for the total distribution of proxies.
Internet Freedom. According to the Freedom of the Net
2019 report [27], Iceland, Estonia, Canada, Germany, and the
United States are highest with respect to Internet freedom,
while China, Iran, Syria, Cuba, and Vietnam are perceived
VOLUME 4, 2016 11
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Choi et al.: Understanding the Proxy Ecosystem: A Comparative Analysis of Residential and Open Proxies on the Internet
as the worst. This report is established based on a study that
includes 70 analysts and 21 questions addressing the Internet
access, freedom of expression, and other privacy aspects. We
obtained the entire list of countries based on their ranking on
Internet freedom. To demonstrate the relationship between
Internet freedom and the locality distribution of proxies,
we measured the correlation between the best and worst
perceived 30-countries in Internet freedom and the number of
proxies. Figure 5 shows that there is no correlation between
Internet freedom and the distribution of proxies.
Political Stability. To explore the correlation between the
distribution of proxies and countries political stability, we
obtained the full list of countries ranking of political stability
from the World Bank. The World Bank, the largest sources of
funding and knowledge for developing countries, provides a
ranking of countries based on their political stability mea-
sured by an index with values between -3 (weak) to 2.5
(strong). The highest political stability score is assigned to
Monaco (i.e., 1.61 points), while the lowest score is assigned
to Yemen (i.e.,-3 points). We observe that the score of -3
is given to Yemen by the source of data as a sign of data
unavailability or severe political instability due to an ongoing
war in the region. The results in Figure 5 show that there is
no observed correlation between countries political stability
and the distribution of proxies.
Internet Speed. We explore the correlation between Internet
speed and distribution of proxies. We obtained the list of
countries ranking of Internet speed from Speedtest by Ookla
[28]. We observed a positive correlation between Internet
speed and the distribution of proxies in general. This positive
correlation is also observed with the blacklisted residential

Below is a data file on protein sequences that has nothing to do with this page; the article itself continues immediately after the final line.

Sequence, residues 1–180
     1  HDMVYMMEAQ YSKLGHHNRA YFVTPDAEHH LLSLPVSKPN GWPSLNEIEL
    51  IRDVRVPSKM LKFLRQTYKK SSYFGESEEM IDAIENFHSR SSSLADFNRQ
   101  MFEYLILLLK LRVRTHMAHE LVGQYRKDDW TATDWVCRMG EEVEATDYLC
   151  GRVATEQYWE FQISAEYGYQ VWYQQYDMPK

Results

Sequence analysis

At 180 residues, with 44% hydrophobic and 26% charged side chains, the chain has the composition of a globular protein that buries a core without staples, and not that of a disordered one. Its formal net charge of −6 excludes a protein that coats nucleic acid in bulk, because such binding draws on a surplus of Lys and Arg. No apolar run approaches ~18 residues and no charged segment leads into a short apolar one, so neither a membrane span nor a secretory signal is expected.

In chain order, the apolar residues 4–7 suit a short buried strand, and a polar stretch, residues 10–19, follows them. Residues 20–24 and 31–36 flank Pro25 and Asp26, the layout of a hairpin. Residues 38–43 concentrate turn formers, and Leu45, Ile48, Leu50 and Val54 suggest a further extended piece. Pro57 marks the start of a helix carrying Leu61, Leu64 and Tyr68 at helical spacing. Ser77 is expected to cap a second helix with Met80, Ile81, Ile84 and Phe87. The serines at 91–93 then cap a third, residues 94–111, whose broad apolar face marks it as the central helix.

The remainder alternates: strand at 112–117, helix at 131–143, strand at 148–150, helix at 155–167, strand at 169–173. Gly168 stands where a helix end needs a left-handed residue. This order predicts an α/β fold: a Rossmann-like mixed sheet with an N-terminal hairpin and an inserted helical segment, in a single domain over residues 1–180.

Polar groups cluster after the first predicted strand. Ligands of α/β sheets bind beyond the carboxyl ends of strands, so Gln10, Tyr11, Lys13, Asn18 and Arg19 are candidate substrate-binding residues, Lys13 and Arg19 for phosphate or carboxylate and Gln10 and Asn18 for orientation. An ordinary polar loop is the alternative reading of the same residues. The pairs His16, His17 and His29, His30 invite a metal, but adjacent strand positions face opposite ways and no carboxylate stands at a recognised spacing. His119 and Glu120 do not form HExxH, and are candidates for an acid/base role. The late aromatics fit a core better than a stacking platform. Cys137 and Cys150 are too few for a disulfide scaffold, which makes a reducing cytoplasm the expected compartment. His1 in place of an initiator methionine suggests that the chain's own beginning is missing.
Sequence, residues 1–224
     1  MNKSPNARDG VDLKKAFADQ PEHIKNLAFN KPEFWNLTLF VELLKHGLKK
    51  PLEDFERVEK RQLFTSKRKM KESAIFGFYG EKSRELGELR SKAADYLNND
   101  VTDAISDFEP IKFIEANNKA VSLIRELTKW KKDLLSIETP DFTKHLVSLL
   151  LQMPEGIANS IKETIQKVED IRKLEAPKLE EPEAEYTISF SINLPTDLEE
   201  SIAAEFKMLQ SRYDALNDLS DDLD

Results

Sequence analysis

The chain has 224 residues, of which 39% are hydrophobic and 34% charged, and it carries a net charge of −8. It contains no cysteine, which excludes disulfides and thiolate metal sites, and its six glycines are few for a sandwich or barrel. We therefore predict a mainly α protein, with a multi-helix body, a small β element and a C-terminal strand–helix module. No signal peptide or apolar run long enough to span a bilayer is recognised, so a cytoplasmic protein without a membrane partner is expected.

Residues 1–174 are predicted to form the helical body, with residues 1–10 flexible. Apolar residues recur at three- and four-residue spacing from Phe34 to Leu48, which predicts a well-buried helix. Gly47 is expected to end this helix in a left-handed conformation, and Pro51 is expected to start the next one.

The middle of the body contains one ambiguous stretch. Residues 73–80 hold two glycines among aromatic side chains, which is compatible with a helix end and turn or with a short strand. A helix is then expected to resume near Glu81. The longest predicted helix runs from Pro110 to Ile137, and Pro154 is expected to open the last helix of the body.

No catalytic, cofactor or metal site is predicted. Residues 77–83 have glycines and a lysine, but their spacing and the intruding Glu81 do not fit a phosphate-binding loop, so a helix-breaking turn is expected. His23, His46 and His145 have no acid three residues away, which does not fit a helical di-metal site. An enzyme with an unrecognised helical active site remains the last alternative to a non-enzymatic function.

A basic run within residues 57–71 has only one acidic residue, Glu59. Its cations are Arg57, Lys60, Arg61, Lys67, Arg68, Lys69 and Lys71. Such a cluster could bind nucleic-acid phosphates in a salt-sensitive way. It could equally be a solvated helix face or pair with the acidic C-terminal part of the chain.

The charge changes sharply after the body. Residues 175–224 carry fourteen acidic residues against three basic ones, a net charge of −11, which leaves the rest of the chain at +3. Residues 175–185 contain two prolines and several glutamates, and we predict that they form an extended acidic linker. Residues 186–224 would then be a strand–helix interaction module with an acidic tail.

proxies. This is inline with the intuitive that one can expect
the distribution of proxies locality fits positively with the
Internet speed.
GDP. We finally explore the correlation between the GDP
and the distribution of proxies. The GDP is a monetary
indicator that measures of the market value based on the
production of all goods and services in a certain time pe-
riod. We obtained the countries GDP ranking data from the
International Monetary Fund [29] for the year 2020. The
analysis shows a strong positive correlation between the GDP
and proxies localities, especially for the residential proxies.
This is due to the fact that countries with higher GDP often
maintain high operational services to host Internet proxies.
V. CONCLUSION
Internet proxies are intermediary and a gateway between
users and servers, often used to protect users’ privacy and
hide their identity. Moreover, proxies are used to surpass the
policies-enforced regional restrictions on accessing the Inter-
net, enabling the user’s freedom use of the Internet. However,
they may be used by adversaries to launch attacks, collect
users’ data, and inject ads and files. In this study, we highlight
this by conducting a comprehensive study on two types of
proxies, i.e., open and residential proxies. By studying a
dataset of 1,045,468 open proxies and 6,419,987 residential
proxies, we found that 79.11% of the open proxies are black-
listed via different blacklisting services, with 28.23% labeled
as spam proxies, and 6.97% labeled as proxies used to launch
an attack. Similarly, our analysis shows that 86.04% of the
residential proxies are blacklisted, despite their efforts in
hiding their identity, with 16.85% labeled as spam and 0.27%
are associated with an adversary attacks. Further, we found
that the distribution of the proxies is positively correlated
with the GDP and Internet speed on the country-level of
residence. While Internet proxies are considered a privacy
preserving way to access the Internet, this study, along with
several studies in the literature, highlights the malicious use
of the proxies, and the risk of using them.
Acknowledgement. This work is supported by the National
Research Foundation under Grant NRF-2016K1A1A291275.
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10.1109/ACCESS.2020.3000959, IEEE Access
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JINCHUN CHOI is a Ph.D. candidate at the
Department of Computer Science at the Univer-
sity of Central Florida and the Department of
Computer Information Science of Inha University
(joint Ph.D. program). He has obtained his B.E.
and M.S. degrees from Inha University, in 2011,
2014, respectively. His research interests include